Saying a little ‘hello’

Welcome to my little blog. I love exploring the countryside where I live (in South Devon) and learning more about the wildlife I share this landscape with. From birds to bats, and frogs to ferns as long as it gets me out of doors I am interested. This is what I will be writing about here.

I am still learning and I don’t always know exactly what I have seen but that’s actually the exciting part. We have such amazing documentaries, books and conservation parks nowadays that if you want to see the animal close up in fine, slow-motion detail, you can. And trust me, I watch and read and visit as much as anyone. But in some ways, that skips a few critical steps. You see, if you go and visit an otter, there is no build up, no uncertainty, no element of chance. Yes, you learn a lot quicker, and you see the whole animal and hopefully some behaviors and signs too. But you miss out on the hours of fun that can be had staring at distant buoys, floating wood and other debris in the vague hope that it turns out to be an otter. You miss the coincidences of going looking for one thing and coming across another. You miss the feeling of incredible satisfaction, maybe even elation, that you were the incredibly lucky person to be in the right place at the right time to see the elusive animal you were after. And ok, the soggy little brown thing sloping off into the distance that you glimpsed for just a few seconds could well be a bedraggled house cat (link goes to external satirical source) but it is in the looking, not the seeing that you reap the rewards.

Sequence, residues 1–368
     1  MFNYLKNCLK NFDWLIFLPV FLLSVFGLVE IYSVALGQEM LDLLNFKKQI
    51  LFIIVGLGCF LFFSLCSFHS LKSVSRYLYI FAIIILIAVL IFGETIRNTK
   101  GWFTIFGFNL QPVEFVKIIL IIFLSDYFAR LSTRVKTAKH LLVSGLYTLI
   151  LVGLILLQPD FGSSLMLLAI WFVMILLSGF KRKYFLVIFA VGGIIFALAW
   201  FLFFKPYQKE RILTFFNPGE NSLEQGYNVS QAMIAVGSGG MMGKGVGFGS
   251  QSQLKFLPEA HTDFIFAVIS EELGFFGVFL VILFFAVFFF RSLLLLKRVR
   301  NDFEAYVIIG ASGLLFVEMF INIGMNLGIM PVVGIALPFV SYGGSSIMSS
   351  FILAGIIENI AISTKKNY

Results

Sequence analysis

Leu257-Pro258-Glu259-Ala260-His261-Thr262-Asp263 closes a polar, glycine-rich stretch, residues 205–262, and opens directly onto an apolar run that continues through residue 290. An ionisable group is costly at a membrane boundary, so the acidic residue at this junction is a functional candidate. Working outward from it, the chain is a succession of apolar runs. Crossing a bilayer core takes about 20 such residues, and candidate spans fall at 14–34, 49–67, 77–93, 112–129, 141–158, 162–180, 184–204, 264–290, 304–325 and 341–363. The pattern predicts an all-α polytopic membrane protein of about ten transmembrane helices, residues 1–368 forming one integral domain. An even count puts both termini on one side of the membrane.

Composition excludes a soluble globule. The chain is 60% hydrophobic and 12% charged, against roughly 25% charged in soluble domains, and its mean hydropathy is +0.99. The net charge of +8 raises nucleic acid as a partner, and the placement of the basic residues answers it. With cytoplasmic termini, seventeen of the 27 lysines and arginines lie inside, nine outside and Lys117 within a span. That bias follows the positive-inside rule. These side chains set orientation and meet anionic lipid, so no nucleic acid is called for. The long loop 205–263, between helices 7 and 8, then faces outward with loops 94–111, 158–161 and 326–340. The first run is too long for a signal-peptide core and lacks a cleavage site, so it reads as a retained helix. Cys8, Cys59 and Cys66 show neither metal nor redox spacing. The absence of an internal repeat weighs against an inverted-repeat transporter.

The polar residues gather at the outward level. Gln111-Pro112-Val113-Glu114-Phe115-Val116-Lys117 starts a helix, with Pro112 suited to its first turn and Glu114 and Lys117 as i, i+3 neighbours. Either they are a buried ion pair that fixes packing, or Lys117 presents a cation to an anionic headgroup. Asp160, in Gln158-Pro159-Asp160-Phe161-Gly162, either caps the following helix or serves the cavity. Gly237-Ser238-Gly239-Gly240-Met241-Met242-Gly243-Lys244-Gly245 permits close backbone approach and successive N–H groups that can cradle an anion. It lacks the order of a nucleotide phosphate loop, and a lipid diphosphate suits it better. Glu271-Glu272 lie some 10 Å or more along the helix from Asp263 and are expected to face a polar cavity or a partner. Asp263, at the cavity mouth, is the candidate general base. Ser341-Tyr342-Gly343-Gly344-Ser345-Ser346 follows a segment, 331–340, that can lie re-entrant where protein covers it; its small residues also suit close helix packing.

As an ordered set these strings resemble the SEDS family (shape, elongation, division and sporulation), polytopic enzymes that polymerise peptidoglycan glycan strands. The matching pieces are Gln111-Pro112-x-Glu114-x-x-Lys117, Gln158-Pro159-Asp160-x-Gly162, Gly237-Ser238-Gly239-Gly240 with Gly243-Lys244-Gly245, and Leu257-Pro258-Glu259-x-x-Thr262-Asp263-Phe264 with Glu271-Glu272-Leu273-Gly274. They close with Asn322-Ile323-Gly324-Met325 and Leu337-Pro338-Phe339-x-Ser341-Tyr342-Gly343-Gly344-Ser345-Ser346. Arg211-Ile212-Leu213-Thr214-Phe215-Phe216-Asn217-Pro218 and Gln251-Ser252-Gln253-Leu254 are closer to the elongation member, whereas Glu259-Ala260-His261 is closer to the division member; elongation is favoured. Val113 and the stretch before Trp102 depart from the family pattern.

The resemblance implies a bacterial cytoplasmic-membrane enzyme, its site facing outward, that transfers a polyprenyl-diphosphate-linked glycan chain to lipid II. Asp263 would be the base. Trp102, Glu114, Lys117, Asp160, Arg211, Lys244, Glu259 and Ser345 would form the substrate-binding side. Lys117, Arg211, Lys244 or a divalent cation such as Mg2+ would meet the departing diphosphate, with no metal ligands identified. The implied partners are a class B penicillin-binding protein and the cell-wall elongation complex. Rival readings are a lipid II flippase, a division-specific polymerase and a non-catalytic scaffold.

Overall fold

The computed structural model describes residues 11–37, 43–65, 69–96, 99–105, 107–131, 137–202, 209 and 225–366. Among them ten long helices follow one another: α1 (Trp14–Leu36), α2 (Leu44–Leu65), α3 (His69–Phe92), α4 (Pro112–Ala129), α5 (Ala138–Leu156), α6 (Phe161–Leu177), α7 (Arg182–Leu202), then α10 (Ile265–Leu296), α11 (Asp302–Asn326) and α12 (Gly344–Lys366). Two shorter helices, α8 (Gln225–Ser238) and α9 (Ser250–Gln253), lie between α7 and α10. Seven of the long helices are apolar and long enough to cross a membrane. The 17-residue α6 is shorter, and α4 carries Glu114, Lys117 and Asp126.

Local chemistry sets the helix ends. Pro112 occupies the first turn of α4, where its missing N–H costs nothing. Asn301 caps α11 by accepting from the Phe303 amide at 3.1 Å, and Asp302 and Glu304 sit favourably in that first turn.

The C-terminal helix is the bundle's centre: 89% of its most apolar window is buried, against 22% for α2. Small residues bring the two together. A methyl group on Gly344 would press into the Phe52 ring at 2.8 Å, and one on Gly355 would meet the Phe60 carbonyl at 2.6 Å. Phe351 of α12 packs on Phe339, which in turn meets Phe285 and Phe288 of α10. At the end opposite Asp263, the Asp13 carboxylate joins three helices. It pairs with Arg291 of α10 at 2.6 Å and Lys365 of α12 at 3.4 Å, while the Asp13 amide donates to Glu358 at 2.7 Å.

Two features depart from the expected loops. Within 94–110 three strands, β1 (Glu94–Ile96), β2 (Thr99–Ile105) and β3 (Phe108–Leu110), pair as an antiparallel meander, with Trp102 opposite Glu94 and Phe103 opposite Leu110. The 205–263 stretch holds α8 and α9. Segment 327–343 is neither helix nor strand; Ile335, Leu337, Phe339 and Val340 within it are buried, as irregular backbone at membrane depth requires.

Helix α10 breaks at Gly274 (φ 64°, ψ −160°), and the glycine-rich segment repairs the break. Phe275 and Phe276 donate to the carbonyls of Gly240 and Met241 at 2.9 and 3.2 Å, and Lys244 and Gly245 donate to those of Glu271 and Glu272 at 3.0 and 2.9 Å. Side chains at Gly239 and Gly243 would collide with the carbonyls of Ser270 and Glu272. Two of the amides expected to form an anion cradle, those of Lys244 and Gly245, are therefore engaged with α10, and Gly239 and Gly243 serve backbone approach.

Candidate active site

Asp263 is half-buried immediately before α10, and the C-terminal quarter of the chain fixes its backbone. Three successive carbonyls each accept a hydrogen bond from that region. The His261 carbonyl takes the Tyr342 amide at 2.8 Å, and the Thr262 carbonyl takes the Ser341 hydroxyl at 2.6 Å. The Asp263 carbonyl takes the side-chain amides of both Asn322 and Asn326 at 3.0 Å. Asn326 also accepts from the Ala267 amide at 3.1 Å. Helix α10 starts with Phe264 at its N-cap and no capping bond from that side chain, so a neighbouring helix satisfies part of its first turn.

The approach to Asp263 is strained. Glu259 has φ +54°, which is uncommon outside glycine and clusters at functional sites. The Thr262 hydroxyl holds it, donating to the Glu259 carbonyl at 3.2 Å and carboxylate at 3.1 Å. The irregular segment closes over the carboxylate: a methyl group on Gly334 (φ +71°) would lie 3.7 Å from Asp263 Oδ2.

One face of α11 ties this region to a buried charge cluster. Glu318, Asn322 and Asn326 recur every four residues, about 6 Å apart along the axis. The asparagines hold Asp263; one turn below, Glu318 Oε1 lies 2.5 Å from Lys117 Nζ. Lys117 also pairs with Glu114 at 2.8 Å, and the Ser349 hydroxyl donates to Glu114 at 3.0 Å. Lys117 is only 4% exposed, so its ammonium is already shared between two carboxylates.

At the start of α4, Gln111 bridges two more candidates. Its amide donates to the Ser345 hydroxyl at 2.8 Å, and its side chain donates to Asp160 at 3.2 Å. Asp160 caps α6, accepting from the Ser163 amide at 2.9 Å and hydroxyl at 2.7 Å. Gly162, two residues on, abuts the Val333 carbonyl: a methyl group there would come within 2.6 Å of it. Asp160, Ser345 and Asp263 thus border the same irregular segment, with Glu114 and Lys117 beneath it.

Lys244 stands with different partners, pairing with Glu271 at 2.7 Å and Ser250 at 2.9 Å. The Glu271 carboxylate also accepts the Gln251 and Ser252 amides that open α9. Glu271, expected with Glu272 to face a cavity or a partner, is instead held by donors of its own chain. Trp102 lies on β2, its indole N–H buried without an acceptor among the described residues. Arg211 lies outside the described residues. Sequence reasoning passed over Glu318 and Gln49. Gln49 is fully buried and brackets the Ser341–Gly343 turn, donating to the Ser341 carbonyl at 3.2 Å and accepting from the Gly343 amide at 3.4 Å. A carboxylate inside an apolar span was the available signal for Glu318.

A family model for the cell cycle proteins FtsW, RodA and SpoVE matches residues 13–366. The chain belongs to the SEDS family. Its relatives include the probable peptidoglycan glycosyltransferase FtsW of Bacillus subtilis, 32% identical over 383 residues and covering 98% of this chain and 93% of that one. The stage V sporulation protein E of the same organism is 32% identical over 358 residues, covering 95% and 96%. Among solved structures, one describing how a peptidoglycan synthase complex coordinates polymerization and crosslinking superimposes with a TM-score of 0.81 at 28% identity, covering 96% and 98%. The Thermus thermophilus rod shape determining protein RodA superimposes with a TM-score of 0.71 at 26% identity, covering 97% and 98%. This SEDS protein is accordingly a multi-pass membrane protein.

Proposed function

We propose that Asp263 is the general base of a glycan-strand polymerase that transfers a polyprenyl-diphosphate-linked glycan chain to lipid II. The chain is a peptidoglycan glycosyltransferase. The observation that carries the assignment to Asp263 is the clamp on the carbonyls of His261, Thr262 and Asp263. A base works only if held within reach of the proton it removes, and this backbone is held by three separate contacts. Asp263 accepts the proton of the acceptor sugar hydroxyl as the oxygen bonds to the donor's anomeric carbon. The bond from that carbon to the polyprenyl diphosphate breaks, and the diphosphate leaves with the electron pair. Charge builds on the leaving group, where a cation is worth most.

I won’t be endlessly writing about the status of our wildlife, unless it adds to the story in some way, but we have to admit that many of out native species are not as abundant or as widespread as they once were, nor as they might need to be to respond to future change. If we only interact with our wildlife through screens or enclosure fences then we risk missing out on a lot and maybe we wouldn’t even notice if they were gone.

So that’s why I am going out in search of our wildlife. To say a little ‘hello’ if they will let me. And if not? Well I got some fresh air and a nice walk anyway. That’s also kind of why I am writing this blog. I take a lot of inspiration from natural history writers and it was from them I unlearned my compulsion to see nature as an internal tick list. So you didn’t see something rare today…so what? Did you value what you did see? Did it add to your understanding or appreciation of the world? If it did, then your day was surely a success.

Em

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Berry Head, Devon. Photo credit: Em.

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